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The Bleacher Bums: April 28, 2008 Archive

Deciphering the code

Posted at 9:04 AM on April 28, 2008 by Chris Dall

20080428code_large.jpgOne of the common complaints made by those who don't care for baseball is that it's boring. Or, more precisely, that the action that takes place is surrounded by so much inaction. It's a fair gripe. And it's probably one of the reasons why baseball players, over the decades, have developed an encyclopedic assortment of unwritten rules to guide the way the game should be played. They have to be doing something between all those pitches, right?

Those rules are the subject of a new book by local author Ross Bernstein, "The Code: Baseball's Unwritten Rules and Its Ignore-at-Your-Own-Risk Code of Conduct." Bernstein's book, which includes interviews with more than a 100 current and former ballplayers (including several current and former Twins), takes readers deep inside the game-within-the game, detailing the intricate web of rules that players live by. If you've ever wondered what kind of behavior warrants a brushback pitch, why a pitcher need to retaliate when a teammate is hit, why it's wrong to steal a base during a blowout, and just how much sign stealing goes on in a baseball, Bernstein's book has the answers. What you'll learn is just how much is going on behind the scenes in baseball.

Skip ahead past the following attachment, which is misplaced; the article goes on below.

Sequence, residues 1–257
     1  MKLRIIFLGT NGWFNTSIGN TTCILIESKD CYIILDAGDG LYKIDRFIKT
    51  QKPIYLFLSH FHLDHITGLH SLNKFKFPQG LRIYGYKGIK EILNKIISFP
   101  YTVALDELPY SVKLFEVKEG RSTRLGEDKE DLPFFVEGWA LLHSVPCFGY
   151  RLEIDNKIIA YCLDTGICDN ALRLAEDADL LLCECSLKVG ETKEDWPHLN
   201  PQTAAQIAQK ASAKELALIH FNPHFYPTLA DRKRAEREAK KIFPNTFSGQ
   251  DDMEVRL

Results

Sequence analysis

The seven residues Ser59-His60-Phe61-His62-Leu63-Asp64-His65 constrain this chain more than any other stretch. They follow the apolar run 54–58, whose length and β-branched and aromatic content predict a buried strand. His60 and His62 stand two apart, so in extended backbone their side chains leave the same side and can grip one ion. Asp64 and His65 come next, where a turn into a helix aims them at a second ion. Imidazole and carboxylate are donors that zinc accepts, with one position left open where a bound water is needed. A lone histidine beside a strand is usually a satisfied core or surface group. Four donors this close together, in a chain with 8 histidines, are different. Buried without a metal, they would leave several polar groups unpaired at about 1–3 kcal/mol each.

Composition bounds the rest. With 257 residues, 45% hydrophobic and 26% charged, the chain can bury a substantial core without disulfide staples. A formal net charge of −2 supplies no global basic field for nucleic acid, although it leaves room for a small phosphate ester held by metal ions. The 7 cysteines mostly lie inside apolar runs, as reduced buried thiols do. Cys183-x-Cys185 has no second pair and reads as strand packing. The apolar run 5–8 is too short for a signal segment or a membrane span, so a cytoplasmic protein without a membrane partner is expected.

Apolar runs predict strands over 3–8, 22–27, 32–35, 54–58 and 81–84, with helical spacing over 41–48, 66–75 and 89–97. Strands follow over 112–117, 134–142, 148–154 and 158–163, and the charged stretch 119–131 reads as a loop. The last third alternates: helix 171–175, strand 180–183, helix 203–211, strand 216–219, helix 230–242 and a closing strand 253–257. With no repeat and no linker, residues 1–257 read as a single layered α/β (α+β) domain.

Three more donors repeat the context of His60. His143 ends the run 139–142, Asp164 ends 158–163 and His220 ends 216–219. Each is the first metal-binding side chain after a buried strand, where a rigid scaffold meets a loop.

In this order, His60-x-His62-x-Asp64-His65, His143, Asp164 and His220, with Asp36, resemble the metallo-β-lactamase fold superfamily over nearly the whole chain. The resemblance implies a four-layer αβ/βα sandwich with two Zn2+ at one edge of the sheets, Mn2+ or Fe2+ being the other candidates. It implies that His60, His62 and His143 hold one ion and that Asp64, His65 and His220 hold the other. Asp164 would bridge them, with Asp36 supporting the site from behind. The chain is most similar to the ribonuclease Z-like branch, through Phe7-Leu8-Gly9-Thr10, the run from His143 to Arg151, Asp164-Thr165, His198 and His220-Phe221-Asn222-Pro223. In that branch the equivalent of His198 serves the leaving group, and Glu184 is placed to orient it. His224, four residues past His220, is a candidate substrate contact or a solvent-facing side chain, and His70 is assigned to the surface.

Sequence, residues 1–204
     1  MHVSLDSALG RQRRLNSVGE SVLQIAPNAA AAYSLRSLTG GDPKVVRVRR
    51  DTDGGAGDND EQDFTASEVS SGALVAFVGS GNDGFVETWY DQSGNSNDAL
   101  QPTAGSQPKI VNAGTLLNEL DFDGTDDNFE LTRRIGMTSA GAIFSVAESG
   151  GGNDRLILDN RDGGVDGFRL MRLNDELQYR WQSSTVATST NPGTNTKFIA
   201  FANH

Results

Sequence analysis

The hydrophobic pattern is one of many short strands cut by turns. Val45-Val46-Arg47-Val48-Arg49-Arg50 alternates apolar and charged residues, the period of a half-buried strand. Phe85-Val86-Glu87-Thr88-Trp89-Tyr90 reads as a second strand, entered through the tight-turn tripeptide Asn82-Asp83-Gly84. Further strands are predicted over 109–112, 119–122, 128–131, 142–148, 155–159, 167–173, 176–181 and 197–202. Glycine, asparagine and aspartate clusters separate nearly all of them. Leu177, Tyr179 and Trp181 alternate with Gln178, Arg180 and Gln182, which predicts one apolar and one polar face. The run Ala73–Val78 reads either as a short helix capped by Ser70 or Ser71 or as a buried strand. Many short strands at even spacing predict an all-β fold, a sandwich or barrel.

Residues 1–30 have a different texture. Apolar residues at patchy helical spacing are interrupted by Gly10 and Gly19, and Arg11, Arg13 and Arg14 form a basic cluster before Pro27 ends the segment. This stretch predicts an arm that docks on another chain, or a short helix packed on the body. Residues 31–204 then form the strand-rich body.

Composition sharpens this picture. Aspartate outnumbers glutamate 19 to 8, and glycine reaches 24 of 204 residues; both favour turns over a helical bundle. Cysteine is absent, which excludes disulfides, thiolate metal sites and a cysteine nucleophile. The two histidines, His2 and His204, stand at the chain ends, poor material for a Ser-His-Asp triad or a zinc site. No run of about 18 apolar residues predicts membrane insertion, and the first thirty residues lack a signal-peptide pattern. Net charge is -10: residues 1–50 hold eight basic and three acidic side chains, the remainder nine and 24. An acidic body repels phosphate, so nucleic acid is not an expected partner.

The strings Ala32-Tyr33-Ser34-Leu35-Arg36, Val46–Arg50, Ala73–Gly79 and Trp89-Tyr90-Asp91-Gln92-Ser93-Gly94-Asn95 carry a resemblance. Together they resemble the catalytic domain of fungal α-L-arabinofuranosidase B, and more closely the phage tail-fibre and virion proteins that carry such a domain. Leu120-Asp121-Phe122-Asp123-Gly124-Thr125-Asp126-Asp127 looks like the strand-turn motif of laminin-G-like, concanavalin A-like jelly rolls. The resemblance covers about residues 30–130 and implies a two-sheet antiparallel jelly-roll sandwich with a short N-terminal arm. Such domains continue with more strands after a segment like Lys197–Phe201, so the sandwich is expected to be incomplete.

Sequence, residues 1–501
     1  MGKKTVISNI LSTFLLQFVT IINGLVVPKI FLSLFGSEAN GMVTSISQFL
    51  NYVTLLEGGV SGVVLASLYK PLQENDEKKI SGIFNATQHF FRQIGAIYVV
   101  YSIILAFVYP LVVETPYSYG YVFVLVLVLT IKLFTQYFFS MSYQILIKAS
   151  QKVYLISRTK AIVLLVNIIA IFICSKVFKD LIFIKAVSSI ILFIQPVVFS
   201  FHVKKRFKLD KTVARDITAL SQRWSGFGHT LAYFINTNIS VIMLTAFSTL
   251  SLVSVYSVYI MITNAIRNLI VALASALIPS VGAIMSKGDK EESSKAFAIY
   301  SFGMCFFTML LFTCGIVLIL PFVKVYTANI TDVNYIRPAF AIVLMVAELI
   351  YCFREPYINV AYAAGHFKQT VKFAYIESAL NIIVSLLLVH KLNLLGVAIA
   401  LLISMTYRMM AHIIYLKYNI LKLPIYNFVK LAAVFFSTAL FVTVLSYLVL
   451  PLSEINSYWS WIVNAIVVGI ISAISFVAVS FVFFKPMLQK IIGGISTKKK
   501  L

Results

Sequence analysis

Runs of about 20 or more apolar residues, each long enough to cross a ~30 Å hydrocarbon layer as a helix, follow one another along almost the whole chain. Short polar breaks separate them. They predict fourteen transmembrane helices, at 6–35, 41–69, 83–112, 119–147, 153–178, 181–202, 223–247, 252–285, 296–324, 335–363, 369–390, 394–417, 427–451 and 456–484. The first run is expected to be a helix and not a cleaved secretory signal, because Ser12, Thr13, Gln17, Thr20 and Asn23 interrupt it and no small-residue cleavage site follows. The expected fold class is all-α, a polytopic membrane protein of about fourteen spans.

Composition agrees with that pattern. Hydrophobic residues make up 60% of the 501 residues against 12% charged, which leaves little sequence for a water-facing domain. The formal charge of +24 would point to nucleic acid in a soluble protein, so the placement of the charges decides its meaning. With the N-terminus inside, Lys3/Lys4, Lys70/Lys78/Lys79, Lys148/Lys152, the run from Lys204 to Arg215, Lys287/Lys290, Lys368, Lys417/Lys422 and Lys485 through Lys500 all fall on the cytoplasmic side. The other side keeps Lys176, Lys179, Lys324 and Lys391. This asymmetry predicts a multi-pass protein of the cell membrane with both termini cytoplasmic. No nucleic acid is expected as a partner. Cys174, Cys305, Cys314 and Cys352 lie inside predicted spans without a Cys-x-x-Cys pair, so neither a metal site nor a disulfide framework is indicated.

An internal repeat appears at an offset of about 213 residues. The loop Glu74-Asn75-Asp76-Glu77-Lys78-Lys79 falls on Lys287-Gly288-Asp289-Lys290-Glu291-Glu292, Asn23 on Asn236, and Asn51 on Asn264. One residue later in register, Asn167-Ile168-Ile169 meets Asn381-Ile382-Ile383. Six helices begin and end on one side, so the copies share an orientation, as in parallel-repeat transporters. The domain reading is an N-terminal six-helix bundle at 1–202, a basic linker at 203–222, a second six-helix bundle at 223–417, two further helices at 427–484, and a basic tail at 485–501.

The constant refrain from players throughout the book is that the code is about respecting the game and playing it the "right" way. As Torii Hunter puts it in the preface, "I play hard, I stick up for my teammates, and I try to have fun." But what's interesting is how the code is starting to evolve. Several pitchers discuss their feelings about hitters "showing them up" by admiring their home runs, yet in the Sportscenter age, that practice has become commonplace.

I spoke with Bernstein last week about several topics in the book, and his answers can be heard in the following audio clips.

On why it is that baseball has so many more of these unspoken "rules" than other sports.

On why pitching inside seems to be a fading part of the game.

On the prominence of sign-stealing.

On the steroid controversy, and why certain forms of cheating, like sign-stealing, is accepted, while other forms, like steroids, are considered unacceptable.

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